Do you know about the culture behind Dia de los Muertos?

A group of ASU alumni, inspired by the Disney film 'Coco,' created a site to educate the public about the fall holiday

Dia de los Muertos, or the Day of the Dead, is often known for its colorful decorations and sugar skull designs, but there is much more behind the traditional Mexican holiday.

A group of ASU alumni created an educational website about Dia de los Muertos in an effort to educate the public about the holiday and encourage them to celebrate without appropriating Hispanic culture.

Caleb Barclay, Kelly Barclay and Ben Adam met at ASU and launched the site this year after researching Dia de los Muertos and interviewing both Mexican and American citizens whose families celebrate the holiday.

Dia de los Muertos is a 2-day holiday celebrating the lives of those who have died. It starts at midnight Oct. 31 and ends Nov. 2. The holiday is believed to be a time when the dead can visit the physical world and temporarily reunite with the living.

Unlike Halloween, Dia de los Muertos is a time of celebration rather than horror or mischief. Though it deals primarily with death it is not a holiday of grief, and families instead express love and joy, pass down memories and gather at the graves of loved ones.

Caleb Barclay, who graduated in 2009 with a degree in architecture, said much of the website design centered around capturing that joy in a way that previous sites dedicated to the holiday hadn’t.

He said he and his wife Kelly Barclay were inspired to create the site after watching the Disney movie “Coco” and realizing that while the film inspires Americans to research the holiday, many stopped their research at the surface-level.

“One of the motivators was that people are looking to Wikipedia primarily to understand the holiday,” he said. “But there's not the feeling and the colors and the imagery that really makes it special.”

The site features content ranging from information detailing the customs of the holiday to printable coloring pages which the group encourages people to color in and share with them on Instagram.

The site also includes free downloadable moving illustrations designed by Caleb Barclay, information about local Dia de los Muertos celebrations and an active countdown to the holiday on its front page.

Caleb Barclay said that even with all the work the group put into the site, it can never be all-inclusive of Dia de los Muertos traditions.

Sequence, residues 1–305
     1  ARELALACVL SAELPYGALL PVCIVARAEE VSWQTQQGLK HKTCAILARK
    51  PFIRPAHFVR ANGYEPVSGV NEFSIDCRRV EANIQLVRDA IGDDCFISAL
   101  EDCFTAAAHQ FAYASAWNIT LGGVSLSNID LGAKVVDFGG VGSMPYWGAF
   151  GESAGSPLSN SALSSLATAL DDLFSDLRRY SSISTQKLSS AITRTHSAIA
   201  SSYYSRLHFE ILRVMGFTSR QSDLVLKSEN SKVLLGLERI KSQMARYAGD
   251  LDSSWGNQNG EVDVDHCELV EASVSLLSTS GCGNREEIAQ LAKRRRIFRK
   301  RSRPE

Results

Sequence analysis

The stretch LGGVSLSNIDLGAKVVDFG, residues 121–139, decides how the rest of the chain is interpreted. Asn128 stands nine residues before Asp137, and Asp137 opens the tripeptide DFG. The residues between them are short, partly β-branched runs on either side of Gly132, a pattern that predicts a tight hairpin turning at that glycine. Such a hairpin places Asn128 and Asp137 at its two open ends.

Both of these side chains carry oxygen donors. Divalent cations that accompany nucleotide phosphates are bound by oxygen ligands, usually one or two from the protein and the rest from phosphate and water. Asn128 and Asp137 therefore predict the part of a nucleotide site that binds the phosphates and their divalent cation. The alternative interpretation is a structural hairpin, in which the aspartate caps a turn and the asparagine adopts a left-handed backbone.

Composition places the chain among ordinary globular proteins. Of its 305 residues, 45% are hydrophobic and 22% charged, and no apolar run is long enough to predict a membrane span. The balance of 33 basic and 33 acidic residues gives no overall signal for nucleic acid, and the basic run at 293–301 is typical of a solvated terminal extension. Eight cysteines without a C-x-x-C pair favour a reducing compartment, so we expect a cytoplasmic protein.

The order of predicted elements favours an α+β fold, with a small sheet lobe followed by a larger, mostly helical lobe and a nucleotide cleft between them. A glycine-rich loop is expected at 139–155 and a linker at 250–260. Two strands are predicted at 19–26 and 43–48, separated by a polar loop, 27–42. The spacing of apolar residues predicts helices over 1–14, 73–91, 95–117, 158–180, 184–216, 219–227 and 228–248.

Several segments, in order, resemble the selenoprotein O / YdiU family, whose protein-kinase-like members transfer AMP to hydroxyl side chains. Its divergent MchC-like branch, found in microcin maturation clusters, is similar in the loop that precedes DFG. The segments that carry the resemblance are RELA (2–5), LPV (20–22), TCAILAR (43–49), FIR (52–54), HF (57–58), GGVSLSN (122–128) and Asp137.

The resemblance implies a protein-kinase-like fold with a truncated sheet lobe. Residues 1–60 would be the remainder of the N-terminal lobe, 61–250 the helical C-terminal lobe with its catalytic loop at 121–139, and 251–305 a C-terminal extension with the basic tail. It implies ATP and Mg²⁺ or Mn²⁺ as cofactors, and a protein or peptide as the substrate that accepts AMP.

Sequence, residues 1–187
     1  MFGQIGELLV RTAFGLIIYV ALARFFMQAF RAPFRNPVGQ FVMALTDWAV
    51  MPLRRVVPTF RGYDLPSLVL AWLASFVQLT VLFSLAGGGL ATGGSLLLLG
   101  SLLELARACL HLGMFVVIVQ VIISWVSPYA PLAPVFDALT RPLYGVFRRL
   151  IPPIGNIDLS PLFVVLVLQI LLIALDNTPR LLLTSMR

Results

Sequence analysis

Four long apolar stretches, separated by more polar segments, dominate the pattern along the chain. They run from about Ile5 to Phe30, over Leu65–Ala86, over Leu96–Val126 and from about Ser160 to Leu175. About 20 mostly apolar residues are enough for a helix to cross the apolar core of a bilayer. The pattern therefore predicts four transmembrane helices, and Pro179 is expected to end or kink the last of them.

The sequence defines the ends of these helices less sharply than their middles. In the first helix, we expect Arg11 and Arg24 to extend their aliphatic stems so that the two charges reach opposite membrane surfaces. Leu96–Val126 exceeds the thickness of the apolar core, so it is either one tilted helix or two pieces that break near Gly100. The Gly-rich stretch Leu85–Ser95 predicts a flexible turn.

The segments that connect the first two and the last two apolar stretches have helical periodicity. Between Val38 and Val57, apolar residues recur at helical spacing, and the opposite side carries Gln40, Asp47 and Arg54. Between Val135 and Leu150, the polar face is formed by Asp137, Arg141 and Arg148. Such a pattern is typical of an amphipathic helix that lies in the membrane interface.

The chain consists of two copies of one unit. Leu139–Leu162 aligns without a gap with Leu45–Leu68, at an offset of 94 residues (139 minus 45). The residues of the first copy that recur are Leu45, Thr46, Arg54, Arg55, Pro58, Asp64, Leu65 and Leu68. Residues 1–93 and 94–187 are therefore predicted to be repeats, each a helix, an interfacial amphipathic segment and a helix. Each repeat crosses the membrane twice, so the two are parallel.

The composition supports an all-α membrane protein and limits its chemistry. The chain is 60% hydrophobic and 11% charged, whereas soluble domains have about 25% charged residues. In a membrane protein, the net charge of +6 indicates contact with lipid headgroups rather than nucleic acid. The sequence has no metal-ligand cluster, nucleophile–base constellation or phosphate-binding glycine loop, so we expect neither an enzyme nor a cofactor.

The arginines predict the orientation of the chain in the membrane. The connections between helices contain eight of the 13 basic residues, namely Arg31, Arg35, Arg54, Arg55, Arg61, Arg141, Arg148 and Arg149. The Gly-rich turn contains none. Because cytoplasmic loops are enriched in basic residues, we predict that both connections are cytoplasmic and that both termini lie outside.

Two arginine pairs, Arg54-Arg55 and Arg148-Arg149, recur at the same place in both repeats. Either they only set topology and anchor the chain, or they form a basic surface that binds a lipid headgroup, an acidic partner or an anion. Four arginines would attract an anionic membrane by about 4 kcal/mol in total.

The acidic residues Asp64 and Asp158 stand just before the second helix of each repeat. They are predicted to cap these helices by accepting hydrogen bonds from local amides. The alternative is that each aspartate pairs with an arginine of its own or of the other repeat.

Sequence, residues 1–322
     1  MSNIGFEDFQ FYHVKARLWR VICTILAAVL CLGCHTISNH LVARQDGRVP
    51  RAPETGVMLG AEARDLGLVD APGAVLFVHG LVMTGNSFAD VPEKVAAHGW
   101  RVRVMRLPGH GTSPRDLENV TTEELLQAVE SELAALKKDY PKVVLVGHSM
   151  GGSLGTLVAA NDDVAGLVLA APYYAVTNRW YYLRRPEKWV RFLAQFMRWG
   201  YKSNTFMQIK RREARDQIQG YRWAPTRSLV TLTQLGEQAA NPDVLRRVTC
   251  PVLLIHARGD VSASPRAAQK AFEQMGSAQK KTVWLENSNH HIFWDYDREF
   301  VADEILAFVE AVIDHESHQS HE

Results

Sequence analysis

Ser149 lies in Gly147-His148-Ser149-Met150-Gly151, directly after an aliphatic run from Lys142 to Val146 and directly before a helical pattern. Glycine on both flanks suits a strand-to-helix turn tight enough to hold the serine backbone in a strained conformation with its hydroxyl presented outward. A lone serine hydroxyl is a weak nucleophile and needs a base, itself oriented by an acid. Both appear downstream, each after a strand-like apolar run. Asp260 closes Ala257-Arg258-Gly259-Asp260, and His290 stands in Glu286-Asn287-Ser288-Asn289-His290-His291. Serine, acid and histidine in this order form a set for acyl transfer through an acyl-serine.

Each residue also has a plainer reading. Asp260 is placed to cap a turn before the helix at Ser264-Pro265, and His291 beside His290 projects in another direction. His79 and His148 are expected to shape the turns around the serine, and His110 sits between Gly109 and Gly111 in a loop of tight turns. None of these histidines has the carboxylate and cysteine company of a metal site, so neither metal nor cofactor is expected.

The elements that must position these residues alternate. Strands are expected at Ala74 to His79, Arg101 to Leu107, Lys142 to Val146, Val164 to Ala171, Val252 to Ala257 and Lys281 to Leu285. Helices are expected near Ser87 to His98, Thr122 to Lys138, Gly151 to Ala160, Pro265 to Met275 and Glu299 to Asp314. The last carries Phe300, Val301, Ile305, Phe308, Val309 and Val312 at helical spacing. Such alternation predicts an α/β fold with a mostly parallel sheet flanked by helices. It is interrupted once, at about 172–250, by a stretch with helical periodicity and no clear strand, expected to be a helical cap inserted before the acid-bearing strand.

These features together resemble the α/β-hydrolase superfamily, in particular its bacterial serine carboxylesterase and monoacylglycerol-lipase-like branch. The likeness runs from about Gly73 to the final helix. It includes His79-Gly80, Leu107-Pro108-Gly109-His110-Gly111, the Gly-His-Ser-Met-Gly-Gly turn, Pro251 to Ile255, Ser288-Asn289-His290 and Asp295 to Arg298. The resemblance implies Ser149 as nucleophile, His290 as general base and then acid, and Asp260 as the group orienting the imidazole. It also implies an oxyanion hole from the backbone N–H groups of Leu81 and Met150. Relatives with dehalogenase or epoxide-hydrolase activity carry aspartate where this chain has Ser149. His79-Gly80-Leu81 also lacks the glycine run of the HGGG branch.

“There’s edits — content that makes it, and there's content that doesn't,” he said. “So there is some bias or some vantage point that we're presenting the stories (from).”

He said the greatest lesson he found while creating the website was the deeply harmful nature of cultural appropriation, even when done with good intentions. 

“When you're taking your favorite parts about a culture and leaving out potentially the most important aspects — like for example, if you're taking the skeleton imagery, dressing up, having fun and never really understanding the significance of the holiday … when you leave those out, it's disrespecting the non-dominant culture.”

Adam, who graduated in 2010 with a degree in sustainability, was the site’s developer and said the group wanted to create a unique design that pushes limits to create something memorable.

“A huge priority for us was to make something that was authentic. There's an aspect of story to it, there's a lot of history, there's a lot of information that is really interesting and relevant to people," he said. "Just bringing that to life and showcasing that in a unique way was something that was definitely different.”

Kelly Barclay, who graduated in 2011 with a degree in social work, said building the site took on a more personal significance for her as someone with Mexican heritage.

“I think that’s what encouraged me to want to be a part of the project even more,” she said. “I think it’s important to have a voice and especially to educate, in a way, different sects of American culture.”

Adam said working on the site emphasized for him the power that can come from learning about other cultures as someone not of Mexican decent.

“If you take the time to listen, and if you take the time to understand, then you can enter into that with people and enjoy it with them in a way that's not appropriating it or trying to make it your own," he said. "Just participating and understanding somebody else in a deeper way is really special.”


Reach the reporter at mrobbin9@asu.edu or follow @MelissaARobbins on Twitter.

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